Abolishing Heart Disease

The truth be told, coronary artery disease, the most common form of heart disease which is responsible for heart attacks need never exist and if it does exist, it need never progress.

How can one make that statement when coronary disease is the leading killer of women and men in western civilization?

Battle casualties from the Korean and Vietnam conflicts yielded an 80% incidence of coronary heart disease at autopsy despite an average age of 20 years. Hardly a family in this country does not have an immediate or distant relative or friend who has experienced heart disease. A study of civilian casualties between the ages of 16 and 34 who die from accidents, homicides and suicides reveal coronary heart disease in every person. Dr. Lewis Kuller, a professor of public health from the University of Pittsburg from his 10 years cardiovascular health study made the following statement in April 2006: “All males who are 65 years of age and older who have been exposed to the traditional western diet have cardiovascular disease and should be treated as such.”

Does this mean we are all destined to become ill from coronary heart disease? Not so fast. Dr. William Castelli, who directed the world famous NIH Framingham study in the mid 1980′s stated of the 5.5 billion people on earth, 4 billion will never have heard of heart disease. He meant at that time it was limited to persons living in western civilization and those populations who could afford to eat milk and dairy products, eggs, meat, chicken, white flour and processed oils on a regular basis.

World War II provided a graphic example of how the ravages [...]

High Blood Pressure

Learning to Live Without It

What is the epidemic condition that causes more death and disability in industrialized countries than any other?

What is the leading reason for visits to doctors and the single biggest justification for drug prescriptions?

What condition affects the majority of Americans over the age of 65, often has no symptoms, and is referred to as the “silent killer”?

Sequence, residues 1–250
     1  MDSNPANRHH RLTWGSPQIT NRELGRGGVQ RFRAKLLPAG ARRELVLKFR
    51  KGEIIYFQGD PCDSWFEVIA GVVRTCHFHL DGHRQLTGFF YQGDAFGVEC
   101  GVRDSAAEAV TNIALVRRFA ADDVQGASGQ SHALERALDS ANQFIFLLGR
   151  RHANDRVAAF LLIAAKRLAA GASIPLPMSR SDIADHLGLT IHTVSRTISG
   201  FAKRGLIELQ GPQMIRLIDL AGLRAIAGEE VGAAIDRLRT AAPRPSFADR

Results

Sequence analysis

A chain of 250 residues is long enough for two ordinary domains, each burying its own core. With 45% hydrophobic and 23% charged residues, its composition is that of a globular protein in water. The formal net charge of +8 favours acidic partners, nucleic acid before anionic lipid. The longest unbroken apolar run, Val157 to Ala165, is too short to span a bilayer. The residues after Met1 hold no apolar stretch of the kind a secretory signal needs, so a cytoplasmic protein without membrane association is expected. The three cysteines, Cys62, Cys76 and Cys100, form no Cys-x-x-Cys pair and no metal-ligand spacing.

If you said high blood pressure, also known as hypertension, you would be correct.

Blood Pressure Basics

Blood pressure measurements are recorded as two distinct numbers, the first one over the second. The top number is called the systolic blood pressure and this number represents the pressure of the blood in the vessels during the heart’s contraction. The bottom number, or diastolic blood pressure, represents the pressure of the blood in the vessels when the heart relaxes.

Both measurements are important risk factors that are associated with your risk of morbidity and mortality. That means your risk of becoming ill or dead.

For every point your systolic blood pressure rises over 90 there is a one percent increased risk of mortality. Looked at positively, this means that for every point you drop your systolic blood pressure all the way down to 90, there is a one percent reduction in mortality. Therefore, an individual who successfully reduces his/her systolic blood pressure from 150 to 110 through improved dietary and lifestyle habits would reduce their risk of all cause mortality by a whopping 40 percent. Said simply, this means that if you reduce your systolic blood pressure by 40 points, you are 40% less likely to die this year.

Blood Pressure Matters

When blood pressure is elevated the increased wear and tear on the blood vessels and [...]

Reversing Heart Disease with Diet

I would like to introduce you to my friend Dr. Caldwell Esselstyn, Jr., a man you will be hearing a lot more about in coming years.

Having won a gold medal (Yale Crew team) in the 1956 Olympics, Dr. Esselstyn quickly advanced to a distinguished career in surgery at the renowned Cleveland Clinic Foundation. In 1985, when drugs were considered the treatment of choice for heart patients (as they mostly still are), Dr. Esselstyn embarked on a revolutionary course of action. The results of his investigation are being made available here for the first time to the larger public, thanks to Dr. Esselstyn’s gracious sharing of his pre-publication research findings.

His story is rather like that of Professor Dean Ornish, who is on our Advisory Board, and who convincingly showed that heart disease could be reversed in seriously ill heart patients when they used a low-fat diet, exercised, and managed their stress. Dr. Esselstyn’s findings contribute some important new information to the Ornish study.

Before I get to the research findings, however, it’s important to remember where we were 10 years ago. Doctors believed that by the time chest pains or a heart attack had occurred due to the blocking of vital blood vessels by cholesterol deposits, patients had absolutely no hope of ever again having a healthy heart. Their options: open-heart surgery, a lifetime of cholesterol-lowering drugs, or death. Scientific consensus held that diet could, at best, decrease blood cholesterol by only about 10-20%, an effect not considered substantial enough for disease prevention.

It was precisely at this extremely critical moment in science and medicine when Drs. Esselstyn and Ornish, at opposite ends of the country, stepped in and showed considerable courage. They asked not only [...]